You should ensure that you and your family are familiar with whatever’s close to your accommodation as soon as possible – especially when it comes to water. Whether it’s a private or shared pool, or a quick walk to the beach, it’s crucial that you’re aware of the finer details before getting in. Be knowledgeable about the layout of the space and the depth of the water. Note any potential hazards or danger points, and locate the places nearby where you can get help should something go wrong - identify lifeguards or specially trained members of staff who could be invaluable in a crisis.
Never leave your child unsupervised around water
It goes without saying, but even confident young swimmers should be supervised by a known adult whenever they’re in, on or around the water. If you need to leave, even for a moment, hand over responsibility to another adult - never leave a young sibling in charge.
Think about the pool toys
Pool toys offer lots of fun for young and older children alike, but it’s important to be sensible when it comes to how many inflatables, floaties and dive sticks there are lying in or on the water - one too many, and your view of the pool floor will become obstructed.
It’s also important to empty the pool of toys when it’s not in use. The allure of a beach ball floating on top of the water may be difficult for your little one to resist reaching for, so remove the temptation. Ideally, pool toys should be stowed away out of sight too.
Do remember that pool toys and inflatables can often be unstable, so you must still make sure your little one is supervised at all times.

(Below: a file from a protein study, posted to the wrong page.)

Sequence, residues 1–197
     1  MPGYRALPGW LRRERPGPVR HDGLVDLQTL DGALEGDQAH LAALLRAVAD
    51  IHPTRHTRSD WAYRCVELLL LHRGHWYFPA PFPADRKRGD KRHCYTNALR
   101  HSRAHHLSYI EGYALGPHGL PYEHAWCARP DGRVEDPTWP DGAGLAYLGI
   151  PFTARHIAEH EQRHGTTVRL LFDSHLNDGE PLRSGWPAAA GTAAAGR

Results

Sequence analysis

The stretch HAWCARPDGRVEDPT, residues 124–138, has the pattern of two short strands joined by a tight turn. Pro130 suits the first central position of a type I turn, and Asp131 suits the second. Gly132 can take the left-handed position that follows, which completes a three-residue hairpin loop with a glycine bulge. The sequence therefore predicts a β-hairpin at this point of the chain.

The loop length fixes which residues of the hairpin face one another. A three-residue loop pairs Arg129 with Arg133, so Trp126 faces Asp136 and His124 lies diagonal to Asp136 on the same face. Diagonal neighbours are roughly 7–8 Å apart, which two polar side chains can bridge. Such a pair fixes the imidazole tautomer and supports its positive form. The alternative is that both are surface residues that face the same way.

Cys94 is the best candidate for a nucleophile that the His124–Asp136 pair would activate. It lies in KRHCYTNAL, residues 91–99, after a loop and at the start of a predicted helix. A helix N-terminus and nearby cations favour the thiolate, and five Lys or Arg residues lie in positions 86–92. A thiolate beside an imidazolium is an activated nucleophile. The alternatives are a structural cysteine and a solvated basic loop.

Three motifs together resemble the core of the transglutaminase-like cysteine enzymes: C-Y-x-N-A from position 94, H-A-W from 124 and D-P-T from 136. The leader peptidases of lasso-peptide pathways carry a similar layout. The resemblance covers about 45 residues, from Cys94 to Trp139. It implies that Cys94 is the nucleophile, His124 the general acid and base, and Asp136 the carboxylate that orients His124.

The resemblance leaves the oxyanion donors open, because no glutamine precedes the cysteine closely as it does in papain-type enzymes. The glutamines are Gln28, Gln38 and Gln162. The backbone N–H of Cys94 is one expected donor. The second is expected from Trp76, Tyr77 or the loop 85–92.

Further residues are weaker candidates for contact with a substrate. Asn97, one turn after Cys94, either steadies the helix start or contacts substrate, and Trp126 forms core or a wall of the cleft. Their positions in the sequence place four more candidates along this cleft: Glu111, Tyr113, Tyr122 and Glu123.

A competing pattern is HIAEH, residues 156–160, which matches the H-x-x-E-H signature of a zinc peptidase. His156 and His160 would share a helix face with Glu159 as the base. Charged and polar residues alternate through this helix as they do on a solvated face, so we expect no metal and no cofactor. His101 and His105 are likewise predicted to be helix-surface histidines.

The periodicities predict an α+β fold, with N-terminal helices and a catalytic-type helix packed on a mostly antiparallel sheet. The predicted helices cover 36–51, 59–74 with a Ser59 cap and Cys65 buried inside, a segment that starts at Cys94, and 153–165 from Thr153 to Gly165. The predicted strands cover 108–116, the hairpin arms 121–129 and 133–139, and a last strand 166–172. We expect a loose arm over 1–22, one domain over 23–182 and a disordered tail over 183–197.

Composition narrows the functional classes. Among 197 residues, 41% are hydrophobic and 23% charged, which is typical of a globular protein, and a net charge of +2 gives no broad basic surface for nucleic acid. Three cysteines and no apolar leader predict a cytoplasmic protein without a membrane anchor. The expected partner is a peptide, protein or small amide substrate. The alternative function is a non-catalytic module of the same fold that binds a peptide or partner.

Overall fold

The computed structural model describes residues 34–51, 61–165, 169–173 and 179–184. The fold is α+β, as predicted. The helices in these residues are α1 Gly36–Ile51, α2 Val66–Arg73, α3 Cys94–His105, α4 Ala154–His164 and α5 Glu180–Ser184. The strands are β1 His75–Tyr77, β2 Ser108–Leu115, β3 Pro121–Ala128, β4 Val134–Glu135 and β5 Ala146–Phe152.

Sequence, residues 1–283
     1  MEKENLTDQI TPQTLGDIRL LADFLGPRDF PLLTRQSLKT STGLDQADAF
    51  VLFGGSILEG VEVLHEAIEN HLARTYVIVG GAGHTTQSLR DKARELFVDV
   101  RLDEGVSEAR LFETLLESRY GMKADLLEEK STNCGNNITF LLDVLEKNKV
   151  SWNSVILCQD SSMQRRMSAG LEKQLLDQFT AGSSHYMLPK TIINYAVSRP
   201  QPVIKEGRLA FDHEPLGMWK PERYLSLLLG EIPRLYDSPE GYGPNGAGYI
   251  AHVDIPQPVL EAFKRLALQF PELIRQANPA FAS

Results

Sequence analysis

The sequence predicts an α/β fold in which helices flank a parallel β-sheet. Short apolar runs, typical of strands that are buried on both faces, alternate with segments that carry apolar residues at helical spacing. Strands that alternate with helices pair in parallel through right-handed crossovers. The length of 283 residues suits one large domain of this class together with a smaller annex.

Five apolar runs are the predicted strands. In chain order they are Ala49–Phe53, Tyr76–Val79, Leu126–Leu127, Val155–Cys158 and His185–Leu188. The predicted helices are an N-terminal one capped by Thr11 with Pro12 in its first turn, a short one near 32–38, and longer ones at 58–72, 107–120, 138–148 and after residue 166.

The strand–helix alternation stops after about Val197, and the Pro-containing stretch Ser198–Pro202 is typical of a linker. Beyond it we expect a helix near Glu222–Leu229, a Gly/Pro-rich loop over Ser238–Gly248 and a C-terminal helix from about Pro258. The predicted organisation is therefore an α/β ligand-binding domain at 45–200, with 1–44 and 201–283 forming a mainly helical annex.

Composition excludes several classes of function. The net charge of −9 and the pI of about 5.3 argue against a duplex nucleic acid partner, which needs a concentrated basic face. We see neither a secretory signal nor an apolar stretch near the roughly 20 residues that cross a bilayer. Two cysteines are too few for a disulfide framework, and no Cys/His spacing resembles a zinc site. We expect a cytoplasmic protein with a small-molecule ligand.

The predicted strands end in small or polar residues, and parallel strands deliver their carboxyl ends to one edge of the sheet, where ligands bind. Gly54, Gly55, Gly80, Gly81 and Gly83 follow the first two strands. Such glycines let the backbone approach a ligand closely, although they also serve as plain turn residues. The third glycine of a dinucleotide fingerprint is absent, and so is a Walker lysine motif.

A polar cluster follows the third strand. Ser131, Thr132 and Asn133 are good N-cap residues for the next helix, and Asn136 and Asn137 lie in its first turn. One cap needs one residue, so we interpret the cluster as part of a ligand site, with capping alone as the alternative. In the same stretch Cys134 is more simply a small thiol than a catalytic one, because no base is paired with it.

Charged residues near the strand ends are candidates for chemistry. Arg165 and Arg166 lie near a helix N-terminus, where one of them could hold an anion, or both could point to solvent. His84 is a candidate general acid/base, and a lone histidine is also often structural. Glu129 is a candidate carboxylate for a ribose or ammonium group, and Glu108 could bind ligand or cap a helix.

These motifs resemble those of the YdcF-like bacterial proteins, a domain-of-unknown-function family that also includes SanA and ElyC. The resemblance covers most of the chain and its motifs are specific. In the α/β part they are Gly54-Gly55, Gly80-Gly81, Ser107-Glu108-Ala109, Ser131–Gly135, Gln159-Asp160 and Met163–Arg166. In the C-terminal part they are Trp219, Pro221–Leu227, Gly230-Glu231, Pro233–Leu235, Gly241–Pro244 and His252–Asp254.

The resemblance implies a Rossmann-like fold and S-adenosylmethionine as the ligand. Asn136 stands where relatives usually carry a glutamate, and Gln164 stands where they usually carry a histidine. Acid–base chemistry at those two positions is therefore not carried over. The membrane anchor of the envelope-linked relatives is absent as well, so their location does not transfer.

Swimming safety at the beach
A question we’re often asked at this time of year is whether it’s safe to take your baby in the sea. While it’s too cold and salty for babies under 6 months, your older baby or toddler will love a splash in the surf! Just remember to stay in your depth, avoid inflatables, and keep hold of your little one at all times.
Whilst your baby may feel confident in a still pool, you may find that they feel uneasy when faced with oncoming waves. Remain calm and hold them close when paddling in the sea. You should teach them not to turn their back to the sea when they’re paddling at the water’s edge; this will prevent any nasty surprises coming their way when a wave breaks on the shore.
It’s also important to be aware of any potential hazards drifting by under the water. Watch out for any sharp rocks or sudden dips in the ocean floor.
Water safety around rivers and lakes
Lakes are a picturesque swimming or paddling option for you and your little one - but often, the stillness of the water’s surface can be misleading, and mild currents can easily knock a small child off-balance. You should check the depth of any lake or river before getting in – even just for a paddle. Use a long stick to measure how deep it is - mud and silt can make the water appear much shallower than it really is.
Although it’s important to stick to these safety rules before and during your holiday, it’s also worth remembering that swimming is part and parcel of your family’s time away together. Use the experience as an opportunity to bond, and help your baby to build on the skills they’re learning in their Water Babies swimming lessons!
Posted 21st May 2018 Tags